CAMRA: 'skyrocketing pint prices a worrying time'

By Rebecca Weller

- Last updated on GMT

Worrying sign: CAMRA reacts to news pint prices have increased 4.6% (Credit: Getty/Nastasic)
Worrying sign: CAMRA reacts to news pint prices have increased 4.6% (Credit: Getty/Nastasic)

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Skyrocketing pint prices signal a “worrying time” for struggling publicans and brewers, the Campaign for Real Ale (CAMRA) has said.

Analysis of the latest data​ from the Office for National Statistics (ONS) by the Morning Advertiser (MA)​ earlier this week revealed pint prices had increased 4.6% in the year to April 2024.

The figures showed the average cost of a pint of draught lager in pubs was estimated to have stood at £4.75 last month, up 4.6% from £4.54 in April 2023.

On a monthly basis, draught lager prices jumped 0.8%, rising from £4.71 in March.

Real risk

CAMRA national chairman Nik Antona said: “With the price of a pint continuing to skyrocket in UK pubs, it is a worrying time for struggling publicans as well as the hardworking brewers and cider makers who serve them and consumers alike.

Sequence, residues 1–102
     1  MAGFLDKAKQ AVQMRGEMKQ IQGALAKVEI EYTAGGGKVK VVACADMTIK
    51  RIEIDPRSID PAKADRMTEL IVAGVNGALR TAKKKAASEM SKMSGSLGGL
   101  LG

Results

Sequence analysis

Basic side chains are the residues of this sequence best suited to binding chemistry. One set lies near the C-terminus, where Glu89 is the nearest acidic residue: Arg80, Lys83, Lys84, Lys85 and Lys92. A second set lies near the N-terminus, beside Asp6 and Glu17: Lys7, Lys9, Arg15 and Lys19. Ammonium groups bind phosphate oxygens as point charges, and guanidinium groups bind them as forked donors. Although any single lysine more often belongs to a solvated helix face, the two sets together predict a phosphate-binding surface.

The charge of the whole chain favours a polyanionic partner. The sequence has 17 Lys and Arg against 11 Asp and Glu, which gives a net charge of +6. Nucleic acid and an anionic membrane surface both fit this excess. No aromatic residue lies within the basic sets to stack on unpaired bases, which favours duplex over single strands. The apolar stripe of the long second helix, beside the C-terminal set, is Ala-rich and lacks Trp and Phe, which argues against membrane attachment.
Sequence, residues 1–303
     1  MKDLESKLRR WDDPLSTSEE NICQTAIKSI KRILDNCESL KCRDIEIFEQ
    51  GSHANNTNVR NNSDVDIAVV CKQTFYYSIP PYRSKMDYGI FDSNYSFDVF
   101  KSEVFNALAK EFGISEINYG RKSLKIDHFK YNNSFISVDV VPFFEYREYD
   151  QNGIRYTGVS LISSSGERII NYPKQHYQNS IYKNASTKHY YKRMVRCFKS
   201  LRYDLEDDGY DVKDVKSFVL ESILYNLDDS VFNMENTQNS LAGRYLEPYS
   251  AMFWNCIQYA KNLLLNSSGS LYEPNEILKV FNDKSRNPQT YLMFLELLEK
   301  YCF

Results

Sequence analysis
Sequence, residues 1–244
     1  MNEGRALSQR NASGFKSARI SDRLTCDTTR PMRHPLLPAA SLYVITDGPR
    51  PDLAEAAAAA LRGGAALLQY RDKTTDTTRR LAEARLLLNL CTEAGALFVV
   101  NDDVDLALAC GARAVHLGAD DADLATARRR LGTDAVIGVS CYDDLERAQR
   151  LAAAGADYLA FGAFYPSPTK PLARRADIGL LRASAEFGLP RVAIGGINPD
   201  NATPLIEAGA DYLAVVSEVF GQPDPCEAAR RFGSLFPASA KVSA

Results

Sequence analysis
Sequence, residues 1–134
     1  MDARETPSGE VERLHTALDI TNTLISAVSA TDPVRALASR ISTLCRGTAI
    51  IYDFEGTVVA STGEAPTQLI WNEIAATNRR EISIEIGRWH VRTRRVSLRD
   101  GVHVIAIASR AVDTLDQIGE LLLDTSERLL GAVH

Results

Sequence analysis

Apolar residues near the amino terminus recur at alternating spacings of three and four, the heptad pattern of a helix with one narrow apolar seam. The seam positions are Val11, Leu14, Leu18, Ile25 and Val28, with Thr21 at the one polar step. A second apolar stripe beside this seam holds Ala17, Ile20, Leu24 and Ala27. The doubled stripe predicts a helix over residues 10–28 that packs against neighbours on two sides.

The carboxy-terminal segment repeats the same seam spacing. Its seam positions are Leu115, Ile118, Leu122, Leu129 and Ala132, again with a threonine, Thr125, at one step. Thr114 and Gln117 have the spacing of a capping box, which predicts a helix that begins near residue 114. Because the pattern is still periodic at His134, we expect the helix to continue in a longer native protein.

“The 4.6% rise since last year brings the real risk that loyal pubgoers, still reeling from the cost-of-living crisis, will be unable to afford to support their humble local. 

“Pubs, brewers and cider producers continue to face a torrent of industry threating issues, such as the costs of goods, energy bills and employing staff, which are at an unmanageable and unprecedented high.

“These issues, alongside the burden of grossly unfair business rates, have left pubs facing the predicament of either raising their prices or permanently closing their doors.”

Draught bitter also saw price increases during this period, rising by 2.9% year-on-year from £3.77 in April 2023 to £3.88.

Urgent action 

In addition, month-on-month the cost of a pint of bitter saw a 0.5% price hike compared with March this year, jumping from £3.86.

The previous data showed the cost of a pint of draught lager in the on-trade had seen a 0.5% uptick overall during the first quarter of 2024​​.

Antona continued: “If the price of a pint is to be lowered in the coming years then urgent action around business rates reform and fairer taxes on beer and pubs, must be taken by the new Government to ensure pubs are able to thrive, not just survive.

“This will be CAMRA’s main focus when we launch our campaigning manifesto ahead of the general election.” 

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